# Benchmarking BigInteger

0

Last TForge commits contain PiBench console application that calculates decimal digits of Pi using Machin’s formula; the execution takes about 30 seconds on my laptop. The code was written to compare the execution time of subsequent TForge revisions, but it can also be used to compare TForge BigCardinal and BigInteger types with .NET 4.0 BigInteger type.

Here is Delphi PiBench code:

```program PiBench;

{\$APPTYPE CONSOLE}

uses
SysUtils, Diagnostics, tfNumerics;

var
StopWatch: TStopWatch;
PiDigits: BigCardinal;

procedure BenchMark;
var
Factor, Num, Den: BigCardinal;
Term: BigCardinal;
N, M: Cardinal;

begin
PiDigits:= 0;
Factor:= BigCardinal.Pow(10, 10000);
Num:= 16 * Factor;
Den:= 5;
N:= 1;
repeat
Term:= Num div (Den * (2 * N - 1));
if Term = 0 then Break;
if Odd(N)
then PiDigits:= PiDigits + Term
else PiDigits:= PiDigits - Term;
Den:= Den * 25;
Inc(N);
until N = 0;
M:= N;
Num:= 4 * Factor;
Den:= 239;
N:= 1;
repeat
Term:= Num div (Den * (2 * N - 1));
if Term = 0 then Break;
if Odd(N)
then PiDigits:= PiDigits - Term
else PiDigits:= PiDigits + Term;
Den:= Den * 239 * 239;
Inc(N);
until N = 0;
M:= (M + N) div 2;
// M last digits may be wrong
PiDigits:= PiDigits div BigCardinal.Pow(10, M);
end;

begin
ReportMemoryLeaksOnShutdown:= True;
try
Writeln('Benchmark test started ...');
StopWatch:= TStopWatch.StartNew;
BenchMark;
StopWatch.Stop;
Writeln(PiDigits.AsString);
PiDigits.Free;
Writeln;
Writeln('Elapsed ms: ', StopWatch.ElapsedMilliseconds);
except
on E: Exception do
Writeln(E.ClassName, ': ', E.Message);
end;
end.
```

And here is equivalent C# application:

```using System;
using System.Numerics;
using System.Diagnostics;

namespace PiBench
{
class Program
{
static void Main(string[] args)
{
int N, M;
BigInteger Term;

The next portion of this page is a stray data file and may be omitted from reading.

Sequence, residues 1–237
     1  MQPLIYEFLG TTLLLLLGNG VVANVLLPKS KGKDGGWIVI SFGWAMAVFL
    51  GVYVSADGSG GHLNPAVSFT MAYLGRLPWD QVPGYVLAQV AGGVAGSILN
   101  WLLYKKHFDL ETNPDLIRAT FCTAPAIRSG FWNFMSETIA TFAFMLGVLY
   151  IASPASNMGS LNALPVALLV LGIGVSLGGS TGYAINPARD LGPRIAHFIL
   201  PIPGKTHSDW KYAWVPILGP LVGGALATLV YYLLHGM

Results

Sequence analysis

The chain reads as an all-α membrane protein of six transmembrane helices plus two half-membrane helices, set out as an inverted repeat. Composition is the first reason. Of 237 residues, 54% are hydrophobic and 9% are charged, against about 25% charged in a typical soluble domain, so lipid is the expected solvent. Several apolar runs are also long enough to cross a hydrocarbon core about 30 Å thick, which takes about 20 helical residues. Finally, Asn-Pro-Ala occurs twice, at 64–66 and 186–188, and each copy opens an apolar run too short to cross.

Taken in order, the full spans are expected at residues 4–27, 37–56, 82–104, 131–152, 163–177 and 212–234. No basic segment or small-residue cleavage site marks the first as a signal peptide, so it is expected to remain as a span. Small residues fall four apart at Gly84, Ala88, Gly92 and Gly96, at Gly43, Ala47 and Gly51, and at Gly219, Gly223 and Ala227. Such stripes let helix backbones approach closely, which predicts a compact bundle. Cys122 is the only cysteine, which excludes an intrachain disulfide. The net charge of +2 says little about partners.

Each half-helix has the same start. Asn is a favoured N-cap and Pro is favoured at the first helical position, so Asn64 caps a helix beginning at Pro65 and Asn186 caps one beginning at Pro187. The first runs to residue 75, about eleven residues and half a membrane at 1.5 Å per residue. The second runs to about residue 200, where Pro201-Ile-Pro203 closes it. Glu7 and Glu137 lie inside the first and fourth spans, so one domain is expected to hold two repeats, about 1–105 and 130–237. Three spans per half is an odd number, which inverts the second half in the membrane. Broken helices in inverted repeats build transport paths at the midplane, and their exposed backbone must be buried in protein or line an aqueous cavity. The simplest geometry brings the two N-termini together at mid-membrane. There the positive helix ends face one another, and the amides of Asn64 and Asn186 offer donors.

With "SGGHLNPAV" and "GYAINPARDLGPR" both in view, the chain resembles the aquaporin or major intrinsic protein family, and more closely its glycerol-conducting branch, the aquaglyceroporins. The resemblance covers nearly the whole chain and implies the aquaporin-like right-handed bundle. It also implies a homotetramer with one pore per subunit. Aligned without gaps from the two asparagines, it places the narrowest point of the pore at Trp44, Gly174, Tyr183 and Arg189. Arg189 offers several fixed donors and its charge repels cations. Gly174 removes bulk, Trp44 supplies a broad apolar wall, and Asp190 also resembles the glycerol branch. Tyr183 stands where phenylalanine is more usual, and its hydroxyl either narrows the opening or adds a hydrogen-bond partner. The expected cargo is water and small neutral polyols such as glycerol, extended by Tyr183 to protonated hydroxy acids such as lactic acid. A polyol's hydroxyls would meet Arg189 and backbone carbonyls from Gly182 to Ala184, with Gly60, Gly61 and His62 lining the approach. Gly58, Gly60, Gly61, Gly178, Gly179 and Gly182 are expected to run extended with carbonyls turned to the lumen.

Console.WriteLine("Benchmark test started ...");
Stopwatch Watch = new Stopwatch();
Watch.Start();
BigInteger PiDigits = 0;
BigInteger Factor = BigInteger.Pow(10, 10000);
BigInteger Num = 16 * Factor;
BigInteger Den = 5;
for(N = 1; N != 0; N++){
Term = Num / (Den * (2 * N - 1));
if (Term == 0) break;
if ((N & 1) != 0) PiDigits = PiDigits + Term;
else PiDigits = PiDigits - Term;
Den = Den * 25;
}
M = N;
Num = 4 * Factor;
Den = 239;
for(N = 1; N != 0; N++){
Term = Num / (Den * (2 * N - 1));
if (Term == 0) break;
if ((N & 1) != 0) PiDigits = PiDigits - Term;
else PiDigits = PiDigits + Term;
Den = Den * 239 * 239;
}
M = (M + N) / 2;
// M last digits may be wrong
PiDigits = PiDigits / BigInteger.Pow(10, M);
Watch.Stop();
Console.WriteLine(PiDigits);
Console.WriteLine();
Console.WriteLine("Elapsed ms: " + Watch.ElapsedMilliseconds.ToString());
}
}
}
```

You can run both and compare; my tests show nearly the same execution time.

# TForge

0

My interface-based arbitrary precision integer arithmetic implementation for Delphi and Free Pascal now is a project on BitBucket.
Currently TForge is a single runtime package (tforge.dpk; future releases will also include a language agnostic dll); you can download the project, build the package and start hacking with BigCardinal and BigInteger types by adding tfNumerics unit to uses clause.